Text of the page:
Format: DVD from NetFlix on The New Portable.
There have been 74 movies nominated for Best Animated Feature at this point in Oscar history, 73 of which I had seen before yesterday. Of those 73, I like 65 of them, or almost 90%. Mirai is going to bring that average down—so of the full 74 films nominated, I still like only 65. I didn’t know if I would find a nominated animated picture that I disliked on the same level as I did Brother Bear, Shark Tale, or Happy Feet, but here we are.
Mirai is the story of an entitled little kid named Kun (voiced by Jaden Waldman) who is blessed/cursed with a baby sister named Mirai. Kun is obsessed with trains and doesn’t like his sister, which means that Kun is going to attempt to hit his sister with his toy trains multiple times. When Kun is not attempting to hit Mirai with a train, he is yelling, screaming, crying, whining, or sometimes whimpering. There’s a lot of whimpering in this movie. A lot of it.
Anyway, while Kun attempts to figure out how to deal with having a sister, we’re going to get some drama between his parents (Rebecca Hall and John Cho). She is going to go back to work right away and he is going to stay home and go freelance. I’ve been that guy. I know how it goes. You work when the kid is sleeping when you just have the one. When you have two, you put one of them in daycare a couple of days a week so that you can actually get some work done. Anyway, dad is completely inattentive and can’t do any parenting stuff because fuck you, he’s a man and this is what passes for funny, evidently.
Anyway, Kun has a series of magical adventures that involve time travel and shape changing, after a fashion. His dog becomes an anthropomorphic and complains about the food he gets now. Kun also meets a version of his sister from the future. He travels back in time and meets his mother as a child, then travels further back in time and meets his great-grandfather. He also meets himself in the future. A good percentage of the last half hour or so of this film literally deals with the fact that Kun doesn’t like the pants his parents have picked out for him. Seriously.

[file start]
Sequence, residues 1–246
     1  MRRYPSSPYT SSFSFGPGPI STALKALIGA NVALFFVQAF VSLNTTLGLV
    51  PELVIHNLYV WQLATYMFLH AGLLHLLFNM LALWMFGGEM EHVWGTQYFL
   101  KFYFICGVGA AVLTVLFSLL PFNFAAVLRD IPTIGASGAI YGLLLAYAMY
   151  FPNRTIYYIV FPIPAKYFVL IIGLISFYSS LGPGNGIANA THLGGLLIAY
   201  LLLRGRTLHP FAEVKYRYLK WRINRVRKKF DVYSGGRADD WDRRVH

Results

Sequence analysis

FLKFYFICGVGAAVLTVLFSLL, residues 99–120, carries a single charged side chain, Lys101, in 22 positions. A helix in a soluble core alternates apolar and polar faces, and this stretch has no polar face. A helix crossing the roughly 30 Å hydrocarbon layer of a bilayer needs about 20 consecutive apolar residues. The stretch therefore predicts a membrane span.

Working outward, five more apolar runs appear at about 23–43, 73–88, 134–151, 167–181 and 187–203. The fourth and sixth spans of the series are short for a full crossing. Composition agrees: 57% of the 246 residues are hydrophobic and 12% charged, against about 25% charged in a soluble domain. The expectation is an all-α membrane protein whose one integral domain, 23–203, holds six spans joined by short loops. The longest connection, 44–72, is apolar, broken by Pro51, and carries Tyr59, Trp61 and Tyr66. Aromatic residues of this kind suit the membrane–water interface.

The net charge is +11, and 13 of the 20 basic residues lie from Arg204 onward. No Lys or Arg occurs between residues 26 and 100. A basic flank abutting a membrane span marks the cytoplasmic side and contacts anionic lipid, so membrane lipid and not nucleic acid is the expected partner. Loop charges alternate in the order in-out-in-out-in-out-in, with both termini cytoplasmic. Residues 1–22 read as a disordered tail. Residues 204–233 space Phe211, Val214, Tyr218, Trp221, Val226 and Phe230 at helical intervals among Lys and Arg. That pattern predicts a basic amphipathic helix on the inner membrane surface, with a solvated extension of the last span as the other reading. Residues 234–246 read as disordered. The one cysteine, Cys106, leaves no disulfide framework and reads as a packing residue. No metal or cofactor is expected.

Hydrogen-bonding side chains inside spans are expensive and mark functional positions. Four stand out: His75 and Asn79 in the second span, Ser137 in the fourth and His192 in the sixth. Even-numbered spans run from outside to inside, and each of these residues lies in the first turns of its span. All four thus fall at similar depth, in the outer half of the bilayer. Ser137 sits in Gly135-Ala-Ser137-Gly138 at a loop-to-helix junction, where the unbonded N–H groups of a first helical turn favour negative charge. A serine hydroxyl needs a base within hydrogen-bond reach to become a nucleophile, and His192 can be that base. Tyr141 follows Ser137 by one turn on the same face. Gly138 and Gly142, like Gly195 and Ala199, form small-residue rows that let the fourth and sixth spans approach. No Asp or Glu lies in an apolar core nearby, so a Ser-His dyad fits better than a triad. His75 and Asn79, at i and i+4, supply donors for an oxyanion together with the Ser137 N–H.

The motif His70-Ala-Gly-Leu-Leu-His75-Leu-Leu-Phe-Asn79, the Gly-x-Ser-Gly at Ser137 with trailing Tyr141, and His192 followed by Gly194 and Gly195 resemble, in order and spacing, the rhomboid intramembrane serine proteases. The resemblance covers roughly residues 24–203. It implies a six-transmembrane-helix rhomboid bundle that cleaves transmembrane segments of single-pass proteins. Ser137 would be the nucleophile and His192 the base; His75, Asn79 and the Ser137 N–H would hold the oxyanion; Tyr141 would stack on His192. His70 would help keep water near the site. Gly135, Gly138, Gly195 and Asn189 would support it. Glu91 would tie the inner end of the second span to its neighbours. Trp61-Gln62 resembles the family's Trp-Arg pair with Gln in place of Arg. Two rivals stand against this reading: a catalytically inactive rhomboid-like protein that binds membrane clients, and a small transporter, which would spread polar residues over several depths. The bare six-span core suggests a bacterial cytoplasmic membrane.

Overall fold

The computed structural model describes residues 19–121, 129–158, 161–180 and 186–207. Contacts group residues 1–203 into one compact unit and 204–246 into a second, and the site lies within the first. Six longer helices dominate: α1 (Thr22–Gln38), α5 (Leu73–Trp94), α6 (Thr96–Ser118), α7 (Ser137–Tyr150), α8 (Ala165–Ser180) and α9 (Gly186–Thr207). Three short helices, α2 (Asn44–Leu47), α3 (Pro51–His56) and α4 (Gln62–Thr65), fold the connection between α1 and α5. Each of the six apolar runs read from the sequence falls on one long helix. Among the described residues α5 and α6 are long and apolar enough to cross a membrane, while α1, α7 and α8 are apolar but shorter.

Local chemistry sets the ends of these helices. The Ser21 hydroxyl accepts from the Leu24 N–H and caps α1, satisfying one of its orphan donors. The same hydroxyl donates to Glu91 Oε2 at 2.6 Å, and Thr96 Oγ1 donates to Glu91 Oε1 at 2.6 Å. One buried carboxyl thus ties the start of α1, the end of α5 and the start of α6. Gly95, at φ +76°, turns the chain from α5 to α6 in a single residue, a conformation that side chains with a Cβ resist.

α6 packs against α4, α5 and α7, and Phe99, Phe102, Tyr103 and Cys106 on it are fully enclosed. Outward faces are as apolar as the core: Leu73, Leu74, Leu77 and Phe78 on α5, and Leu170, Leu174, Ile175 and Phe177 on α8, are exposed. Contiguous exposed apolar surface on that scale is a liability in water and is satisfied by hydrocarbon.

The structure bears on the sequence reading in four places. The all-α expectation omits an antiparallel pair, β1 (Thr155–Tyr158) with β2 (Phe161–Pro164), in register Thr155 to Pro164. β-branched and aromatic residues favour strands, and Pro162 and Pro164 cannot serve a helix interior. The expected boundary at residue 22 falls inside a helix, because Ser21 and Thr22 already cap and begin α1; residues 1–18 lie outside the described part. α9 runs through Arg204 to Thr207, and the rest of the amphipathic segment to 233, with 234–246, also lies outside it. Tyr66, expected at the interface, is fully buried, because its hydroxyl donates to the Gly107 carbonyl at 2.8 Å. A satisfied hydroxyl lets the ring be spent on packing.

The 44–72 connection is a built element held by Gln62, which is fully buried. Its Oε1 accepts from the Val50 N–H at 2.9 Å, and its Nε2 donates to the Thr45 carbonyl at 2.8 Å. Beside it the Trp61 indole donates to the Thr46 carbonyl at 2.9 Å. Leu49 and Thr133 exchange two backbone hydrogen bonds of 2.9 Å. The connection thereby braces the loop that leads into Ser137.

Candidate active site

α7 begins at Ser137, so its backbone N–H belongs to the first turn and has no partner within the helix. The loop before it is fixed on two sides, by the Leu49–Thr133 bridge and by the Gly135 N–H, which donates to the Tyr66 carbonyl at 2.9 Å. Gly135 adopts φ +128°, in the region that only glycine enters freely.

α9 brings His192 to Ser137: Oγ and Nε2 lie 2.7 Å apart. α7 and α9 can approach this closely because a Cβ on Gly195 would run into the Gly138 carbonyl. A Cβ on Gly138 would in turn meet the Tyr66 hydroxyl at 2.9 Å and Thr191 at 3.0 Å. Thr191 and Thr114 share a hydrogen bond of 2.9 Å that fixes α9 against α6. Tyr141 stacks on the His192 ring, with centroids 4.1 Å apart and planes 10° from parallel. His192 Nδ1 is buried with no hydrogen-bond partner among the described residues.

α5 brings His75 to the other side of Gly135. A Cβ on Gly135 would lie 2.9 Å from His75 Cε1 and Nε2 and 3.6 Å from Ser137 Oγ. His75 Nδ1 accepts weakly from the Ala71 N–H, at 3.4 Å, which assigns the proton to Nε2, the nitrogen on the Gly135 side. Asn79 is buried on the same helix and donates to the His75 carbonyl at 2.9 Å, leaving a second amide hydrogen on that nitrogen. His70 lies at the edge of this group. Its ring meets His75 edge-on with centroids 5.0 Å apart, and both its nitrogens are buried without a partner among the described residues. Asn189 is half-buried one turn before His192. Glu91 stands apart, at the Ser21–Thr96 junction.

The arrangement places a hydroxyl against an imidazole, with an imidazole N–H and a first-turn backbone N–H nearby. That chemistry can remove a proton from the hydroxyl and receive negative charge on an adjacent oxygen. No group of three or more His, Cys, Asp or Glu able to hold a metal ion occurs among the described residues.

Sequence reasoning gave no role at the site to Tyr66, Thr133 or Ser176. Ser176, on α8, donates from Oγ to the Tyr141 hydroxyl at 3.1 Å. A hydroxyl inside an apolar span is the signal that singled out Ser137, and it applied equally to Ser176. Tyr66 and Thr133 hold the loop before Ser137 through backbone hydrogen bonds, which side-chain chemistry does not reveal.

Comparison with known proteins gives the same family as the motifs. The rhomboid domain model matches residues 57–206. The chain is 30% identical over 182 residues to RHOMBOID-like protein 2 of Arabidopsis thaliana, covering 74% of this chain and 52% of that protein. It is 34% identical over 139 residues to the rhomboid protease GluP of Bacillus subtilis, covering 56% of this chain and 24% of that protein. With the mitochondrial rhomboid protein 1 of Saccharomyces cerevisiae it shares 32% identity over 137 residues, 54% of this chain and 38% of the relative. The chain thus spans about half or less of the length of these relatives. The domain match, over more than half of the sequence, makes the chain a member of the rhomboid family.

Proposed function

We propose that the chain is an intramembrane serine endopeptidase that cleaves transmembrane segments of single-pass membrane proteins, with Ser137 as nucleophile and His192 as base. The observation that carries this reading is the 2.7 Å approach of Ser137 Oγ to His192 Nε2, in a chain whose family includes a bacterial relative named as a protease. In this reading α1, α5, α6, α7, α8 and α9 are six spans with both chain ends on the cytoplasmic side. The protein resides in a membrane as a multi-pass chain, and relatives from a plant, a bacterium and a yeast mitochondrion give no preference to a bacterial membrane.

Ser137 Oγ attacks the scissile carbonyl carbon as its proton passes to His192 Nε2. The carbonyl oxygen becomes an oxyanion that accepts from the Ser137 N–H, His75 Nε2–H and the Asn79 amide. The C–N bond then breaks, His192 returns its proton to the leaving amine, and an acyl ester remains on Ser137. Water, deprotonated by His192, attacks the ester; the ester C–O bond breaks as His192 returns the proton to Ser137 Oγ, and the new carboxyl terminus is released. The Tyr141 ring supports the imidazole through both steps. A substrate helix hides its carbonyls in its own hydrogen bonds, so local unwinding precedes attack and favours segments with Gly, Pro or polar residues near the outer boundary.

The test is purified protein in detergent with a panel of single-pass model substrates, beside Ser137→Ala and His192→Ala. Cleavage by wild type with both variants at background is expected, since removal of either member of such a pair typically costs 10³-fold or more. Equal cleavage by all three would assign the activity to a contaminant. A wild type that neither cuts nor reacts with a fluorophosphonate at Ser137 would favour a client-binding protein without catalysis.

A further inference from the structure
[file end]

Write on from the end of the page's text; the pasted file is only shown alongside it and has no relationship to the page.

Jesus, but I hated this movie so damn much. I’m not kidding when I say that there is a lot of whimpering in it. At one point early on, there is a set of dolls set up for a celebration for Mirai for some reason, but they have to be put away at the right time or the superstition is that Mirai will have her eventual wedding delayed. Kun has to figure out how to do this with the help of his future sister and anthropomorphic dog. The seven or eight minutes that this sequence takes consists of almost constant whimpering and whining, some grunting, and virtually no dialogue. It was three or four people just looking at things going “Mmmmmmmph! Mmmmmmmmmph! Ohhhhhh!”
Kun is a miserable little kid. He’s nothing but screaming and tantrums, and his parents aren’t much better. His father is inattentive and incompetent and his mother is frequently dismissive and mean. Kun is mean back to her. Everyone in this family is miserable and awful, and I hated spending time around them.
Seriously, if I had seen this movie 20 years ago, I would probably have only one child. If I had seen it 25 years ago, I might be childless. It paints the picture of having children as being a series of fights and difficulties almost never broken up with anything good or fun or pleasant. When Kun learns to ride a bike, it happens with virtually no help from his father, who more or less just watches.
The ultimate message of the film is one about the magic of family and how families come to be, but the family presented here is so awful. As it is, I moved away from the bulk of my family on purpose. I live the right distance from all of them (too far to show up without calling, too close to stay overnight). If this was my family, I’d move to another fucking continent.
Why to watch Mirai: The animation is good.
Why not to watch: Holy shit, but these characters are terrible.
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